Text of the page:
Lucky, He Is: $242 Million Powerball Winner Channels Yoda
B. Raymond Buxton was the lone lucky person to buy a winning ticket for the $425 million jackpot in the Powerball lottery's Feb. 19 drawing.
The only people he reportedly told about his good fortune until Tuesday were the lawyers and financial advisers he enlisted to help him get prepared and to set up a charitable foundation.
Then yesterday, he collected his $242 million "cash option" from California lottery officials with a bit of a sense of humor. Not only did Buxton intentionally choose April Fools' Day, but he came dressed in a T-shirt bearing the likeness of Star Wars' Yoda and the words "Luck of the Jedi, I Have."
Then when he posed for photos, he wouldn't quite show himself. Instead, he playfully held the oversized check in front of his face. Nothing was revealed about his age, his life or his hometown.
"He really wants to live a private life as best he can," Buxton's publicist Sam Singer told The Associated Press. "He was a solidly middle-class American, and today he is a solidly wealthy one."
The California lottery did release some words from the big winner:
" 'Unbelievable! is all I could muster,' Buxton said as he described the moment he found out he hit the jackpot. 'I sat in front of the computer for hours in disbelief, frequently checking and rechecking the numbers across multiple sources. Once the initial shock passed I couldn't sleep for days.'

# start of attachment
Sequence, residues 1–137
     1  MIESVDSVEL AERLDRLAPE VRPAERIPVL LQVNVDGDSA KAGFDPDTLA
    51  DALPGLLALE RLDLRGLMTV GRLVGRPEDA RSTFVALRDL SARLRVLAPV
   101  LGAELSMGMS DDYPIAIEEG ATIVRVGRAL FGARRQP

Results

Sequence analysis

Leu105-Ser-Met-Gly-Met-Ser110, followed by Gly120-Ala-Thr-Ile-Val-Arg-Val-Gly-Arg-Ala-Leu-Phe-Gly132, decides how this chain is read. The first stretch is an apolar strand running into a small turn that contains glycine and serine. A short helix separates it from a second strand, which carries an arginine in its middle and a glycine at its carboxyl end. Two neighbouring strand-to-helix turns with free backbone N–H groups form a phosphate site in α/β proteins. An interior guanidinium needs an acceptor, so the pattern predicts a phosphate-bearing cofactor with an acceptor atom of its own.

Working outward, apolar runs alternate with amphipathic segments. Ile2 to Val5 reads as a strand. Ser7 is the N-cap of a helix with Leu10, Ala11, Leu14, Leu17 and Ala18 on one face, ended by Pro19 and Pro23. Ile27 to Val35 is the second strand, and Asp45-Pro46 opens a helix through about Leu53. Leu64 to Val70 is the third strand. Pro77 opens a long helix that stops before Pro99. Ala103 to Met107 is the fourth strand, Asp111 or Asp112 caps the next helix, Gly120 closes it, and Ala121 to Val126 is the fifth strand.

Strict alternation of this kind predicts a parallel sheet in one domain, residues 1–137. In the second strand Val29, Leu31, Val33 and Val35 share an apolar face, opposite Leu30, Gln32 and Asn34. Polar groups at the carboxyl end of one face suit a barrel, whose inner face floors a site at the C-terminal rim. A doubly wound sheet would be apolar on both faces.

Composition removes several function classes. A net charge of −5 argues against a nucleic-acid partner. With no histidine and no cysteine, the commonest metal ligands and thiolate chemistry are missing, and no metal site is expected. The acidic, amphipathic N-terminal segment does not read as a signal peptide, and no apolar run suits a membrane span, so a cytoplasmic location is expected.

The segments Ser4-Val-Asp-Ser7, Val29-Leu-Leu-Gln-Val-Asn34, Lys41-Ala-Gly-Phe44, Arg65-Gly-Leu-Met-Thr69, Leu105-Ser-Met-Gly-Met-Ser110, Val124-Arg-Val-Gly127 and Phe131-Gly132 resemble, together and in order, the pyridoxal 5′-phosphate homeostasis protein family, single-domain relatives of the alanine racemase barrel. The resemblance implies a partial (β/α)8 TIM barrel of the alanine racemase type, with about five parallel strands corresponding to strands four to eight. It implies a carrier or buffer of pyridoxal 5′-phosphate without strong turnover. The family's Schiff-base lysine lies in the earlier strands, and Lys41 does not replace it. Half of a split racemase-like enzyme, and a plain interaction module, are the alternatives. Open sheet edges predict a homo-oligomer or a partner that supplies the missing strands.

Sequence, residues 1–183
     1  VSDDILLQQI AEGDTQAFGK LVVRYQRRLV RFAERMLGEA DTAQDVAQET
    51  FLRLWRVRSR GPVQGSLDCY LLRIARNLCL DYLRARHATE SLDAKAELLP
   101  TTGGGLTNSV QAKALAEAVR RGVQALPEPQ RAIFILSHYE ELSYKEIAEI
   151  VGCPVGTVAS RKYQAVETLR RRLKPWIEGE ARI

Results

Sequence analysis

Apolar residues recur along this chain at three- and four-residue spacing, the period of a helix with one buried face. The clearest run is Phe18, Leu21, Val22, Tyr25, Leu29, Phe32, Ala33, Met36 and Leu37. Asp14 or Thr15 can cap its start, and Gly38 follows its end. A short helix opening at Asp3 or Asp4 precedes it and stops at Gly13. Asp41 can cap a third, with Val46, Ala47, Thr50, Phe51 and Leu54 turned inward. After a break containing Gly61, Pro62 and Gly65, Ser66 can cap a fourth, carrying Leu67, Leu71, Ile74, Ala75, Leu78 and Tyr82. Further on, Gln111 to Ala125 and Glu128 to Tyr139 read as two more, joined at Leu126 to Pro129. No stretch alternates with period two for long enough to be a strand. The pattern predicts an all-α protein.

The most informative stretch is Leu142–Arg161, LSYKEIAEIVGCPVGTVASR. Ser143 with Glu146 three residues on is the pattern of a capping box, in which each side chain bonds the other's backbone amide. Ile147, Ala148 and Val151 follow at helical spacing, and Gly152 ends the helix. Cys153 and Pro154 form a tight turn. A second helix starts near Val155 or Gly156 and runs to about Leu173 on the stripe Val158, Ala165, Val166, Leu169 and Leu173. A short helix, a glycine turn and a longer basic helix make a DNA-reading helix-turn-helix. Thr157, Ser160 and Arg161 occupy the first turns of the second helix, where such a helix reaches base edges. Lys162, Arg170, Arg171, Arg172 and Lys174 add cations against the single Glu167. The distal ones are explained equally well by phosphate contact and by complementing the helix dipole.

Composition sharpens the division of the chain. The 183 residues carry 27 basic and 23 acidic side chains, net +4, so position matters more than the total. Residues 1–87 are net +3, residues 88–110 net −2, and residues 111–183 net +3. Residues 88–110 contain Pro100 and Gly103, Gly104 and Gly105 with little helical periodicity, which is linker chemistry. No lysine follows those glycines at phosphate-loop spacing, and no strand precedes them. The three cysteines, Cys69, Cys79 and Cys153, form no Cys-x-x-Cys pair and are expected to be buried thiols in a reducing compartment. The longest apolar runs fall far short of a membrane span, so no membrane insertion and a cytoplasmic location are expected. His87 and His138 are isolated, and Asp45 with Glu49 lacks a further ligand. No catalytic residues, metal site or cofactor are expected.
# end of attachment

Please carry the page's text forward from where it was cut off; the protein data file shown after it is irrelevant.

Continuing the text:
"He couldn't sleep and he apparently didn't talk. When asked who was the first person he told about the jackpot, Buxton replied, 'Nobody. Sitting on a ticket of this value was very scary. It's amazing how a little slip of paper can change your life.' "
Lottery officials add that:
"Buxton took his time coming forward because he wanted to do things by the book, literally. 'While validating the numbers at the CA Lottery website, I came across the Winner's Handbook and started to put a plan in motion.' He started doing his research and said, 'It took over a week to solidify legal and financial representation.' With a team in place, Buxton claimed his prize and elected to take the cash option, which is an estimated lump sum amount of $242.2 million before federal taxes.
"Now that the hard part is over, Buxton will use some of his winnings to travel. He also plans to give back in a big way. 'I'm going to enjoy my new job setting up a charitable foundation focused on areas of pediatric health, child hunger and education.' "
Impressed, we are, his thinking by.
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